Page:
Sales of Seasonal Chocolate on the Decline

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Sales of Seasonal Chocolate on the Decline

Sales of seasonal chocolate confectionery through all channels in the United States is estimated to reach some $3.3 billion in 2005, according to Research and Markets, which used some IRI data.

Looking at 2004 sales, which include verified sales for all holiday products, the market stood at $3.4 billion. Between 1999 and 2004, sales of seasonal chocolate increased 1.4 percent at current prices, which reflects a decline of 10.5 percent at constant 2004 prices. To put seasonal chocolate confectionery sales into a wider context, the research firm estimated the total chocolate confectionery market (seasonal and non-seasonal) at $15.1 billion in 2004. The overall chocolate market increased 7.6 percent between 1999 and 2004, but at constant 2004 prices this represents a 5 percent decline from 1999 to 2004.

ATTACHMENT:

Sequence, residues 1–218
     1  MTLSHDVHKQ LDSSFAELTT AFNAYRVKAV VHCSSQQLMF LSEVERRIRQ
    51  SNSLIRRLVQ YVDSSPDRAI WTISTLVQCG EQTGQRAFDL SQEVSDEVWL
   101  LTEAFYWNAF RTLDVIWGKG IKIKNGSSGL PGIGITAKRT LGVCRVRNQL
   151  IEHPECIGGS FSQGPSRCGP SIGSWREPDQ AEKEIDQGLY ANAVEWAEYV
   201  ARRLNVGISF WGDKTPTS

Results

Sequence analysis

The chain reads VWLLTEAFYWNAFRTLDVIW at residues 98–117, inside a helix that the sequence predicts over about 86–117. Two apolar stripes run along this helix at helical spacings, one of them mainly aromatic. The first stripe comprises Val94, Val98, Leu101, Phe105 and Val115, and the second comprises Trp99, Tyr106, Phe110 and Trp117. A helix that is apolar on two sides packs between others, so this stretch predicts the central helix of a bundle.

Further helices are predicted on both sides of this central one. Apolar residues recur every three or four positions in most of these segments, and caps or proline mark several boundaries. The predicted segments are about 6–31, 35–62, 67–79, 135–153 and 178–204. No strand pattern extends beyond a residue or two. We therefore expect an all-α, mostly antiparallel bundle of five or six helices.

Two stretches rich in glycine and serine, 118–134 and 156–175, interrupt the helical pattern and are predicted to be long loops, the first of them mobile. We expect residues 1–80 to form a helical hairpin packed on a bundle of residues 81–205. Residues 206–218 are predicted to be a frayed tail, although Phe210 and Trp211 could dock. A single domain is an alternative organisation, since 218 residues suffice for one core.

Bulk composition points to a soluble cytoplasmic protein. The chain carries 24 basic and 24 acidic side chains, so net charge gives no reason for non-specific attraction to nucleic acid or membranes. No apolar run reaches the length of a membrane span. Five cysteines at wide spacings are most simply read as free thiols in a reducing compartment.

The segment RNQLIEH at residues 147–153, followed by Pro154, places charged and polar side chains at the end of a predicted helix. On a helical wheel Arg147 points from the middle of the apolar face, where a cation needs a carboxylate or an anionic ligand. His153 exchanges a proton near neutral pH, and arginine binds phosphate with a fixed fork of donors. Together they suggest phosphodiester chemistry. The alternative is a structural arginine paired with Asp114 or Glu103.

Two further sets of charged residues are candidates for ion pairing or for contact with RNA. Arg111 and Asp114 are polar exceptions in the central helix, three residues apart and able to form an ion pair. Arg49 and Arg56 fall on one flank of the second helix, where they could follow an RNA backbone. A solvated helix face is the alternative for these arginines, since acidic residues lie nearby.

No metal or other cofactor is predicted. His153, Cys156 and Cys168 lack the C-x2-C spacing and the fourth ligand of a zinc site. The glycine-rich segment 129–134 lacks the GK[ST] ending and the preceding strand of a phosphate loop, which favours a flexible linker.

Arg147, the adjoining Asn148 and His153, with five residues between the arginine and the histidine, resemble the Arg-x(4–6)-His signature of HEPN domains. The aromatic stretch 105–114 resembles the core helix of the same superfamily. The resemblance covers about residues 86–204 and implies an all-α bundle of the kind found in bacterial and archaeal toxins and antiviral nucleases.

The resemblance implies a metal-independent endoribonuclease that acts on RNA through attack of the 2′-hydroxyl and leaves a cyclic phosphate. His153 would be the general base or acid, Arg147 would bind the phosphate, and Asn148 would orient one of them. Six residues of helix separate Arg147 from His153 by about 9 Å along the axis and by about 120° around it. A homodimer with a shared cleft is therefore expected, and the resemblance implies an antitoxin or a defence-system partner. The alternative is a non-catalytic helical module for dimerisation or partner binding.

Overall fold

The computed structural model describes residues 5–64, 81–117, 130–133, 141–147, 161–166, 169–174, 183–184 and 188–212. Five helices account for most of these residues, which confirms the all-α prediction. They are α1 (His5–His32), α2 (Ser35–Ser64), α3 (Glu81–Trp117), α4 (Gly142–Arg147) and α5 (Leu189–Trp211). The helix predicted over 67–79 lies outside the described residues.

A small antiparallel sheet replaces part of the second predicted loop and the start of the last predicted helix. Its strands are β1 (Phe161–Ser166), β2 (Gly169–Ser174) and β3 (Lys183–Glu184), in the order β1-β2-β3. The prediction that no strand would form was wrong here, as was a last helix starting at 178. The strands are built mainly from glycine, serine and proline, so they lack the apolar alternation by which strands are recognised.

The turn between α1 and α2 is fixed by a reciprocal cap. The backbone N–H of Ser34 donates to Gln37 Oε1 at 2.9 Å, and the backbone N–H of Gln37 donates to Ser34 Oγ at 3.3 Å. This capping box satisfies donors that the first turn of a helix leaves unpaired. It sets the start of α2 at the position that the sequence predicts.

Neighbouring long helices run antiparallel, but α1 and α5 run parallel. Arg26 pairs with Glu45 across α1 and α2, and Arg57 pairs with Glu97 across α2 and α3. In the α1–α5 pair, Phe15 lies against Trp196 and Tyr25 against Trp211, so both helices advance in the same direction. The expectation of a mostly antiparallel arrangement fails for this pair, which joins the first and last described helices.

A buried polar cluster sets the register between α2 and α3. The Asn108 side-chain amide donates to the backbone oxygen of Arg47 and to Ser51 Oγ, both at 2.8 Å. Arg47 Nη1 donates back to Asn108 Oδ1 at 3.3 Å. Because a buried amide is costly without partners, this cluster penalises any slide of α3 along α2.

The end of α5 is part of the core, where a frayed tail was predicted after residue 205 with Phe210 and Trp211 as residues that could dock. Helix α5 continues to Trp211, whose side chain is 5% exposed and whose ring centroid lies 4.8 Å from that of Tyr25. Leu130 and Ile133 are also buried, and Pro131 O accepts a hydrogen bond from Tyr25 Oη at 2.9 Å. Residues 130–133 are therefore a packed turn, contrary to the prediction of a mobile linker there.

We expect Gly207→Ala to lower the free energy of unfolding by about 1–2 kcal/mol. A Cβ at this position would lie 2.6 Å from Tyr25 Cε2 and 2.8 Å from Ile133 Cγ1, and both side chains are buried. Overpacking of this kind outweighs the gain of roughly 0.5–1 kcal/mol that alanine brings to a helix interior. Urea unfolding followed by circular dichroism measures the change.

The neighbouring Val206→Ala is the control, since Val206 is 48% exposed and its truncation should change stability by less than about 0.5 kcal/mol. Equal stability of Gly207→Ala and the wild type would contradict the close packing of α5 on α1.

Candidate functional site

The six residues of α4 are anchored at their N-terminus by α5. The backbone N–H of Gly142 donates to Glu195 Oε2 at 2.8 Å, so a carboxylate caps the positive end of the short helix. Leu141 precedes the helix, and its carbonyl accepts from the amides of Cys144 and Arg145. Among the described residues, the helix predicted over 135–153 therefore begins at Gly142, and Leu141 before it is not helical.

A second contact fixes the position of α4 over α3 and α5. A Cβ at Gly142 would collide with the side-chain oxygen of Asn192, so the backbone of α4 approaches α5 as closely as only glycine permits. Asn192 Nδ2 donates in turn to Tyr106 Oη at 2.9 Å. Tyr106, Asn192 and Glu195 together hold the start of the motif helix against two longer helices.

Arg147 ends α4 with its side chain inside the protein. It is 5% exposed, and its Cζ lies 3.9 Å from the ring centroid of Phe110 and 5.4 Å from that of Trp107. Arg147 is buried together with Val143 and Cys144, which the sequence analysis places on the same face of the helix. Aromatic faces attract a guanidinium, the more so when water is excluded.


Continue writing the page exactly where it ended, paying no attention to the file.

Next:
While the sales figures reflect confectionery products that can be assigned to a specific holiday, some marketers are blurring seasonal lines by making products that can be used for more than one holiday. For example, Hershey's Kisses leverages a number of fourth-quarter holidays by selling bags of red, gold, brown and orange-wrapped chocolates. By not specifying a "holiday" on the wrapping, the product can be sold as a Halloween, Thanksgiving, fall football, or back to school item. The same is true for M&Ms, which are sold in seasonal colors that can be given for a number of holidays. Not included are generic gift box chocolates that could be sold at any season (e.g., Whitman's Sampler) or other chocolate confections that could be given as a substitute for seasonal chocolate (e.g., regular Hershey's chocolate given as Halloween treats).

The market is also experiencing channel blurring, which makes it possible to purchase seasonal chocolate -- or chocolate for any occasion -- through myriad channels from the highest quality chocolatier to the dollar store.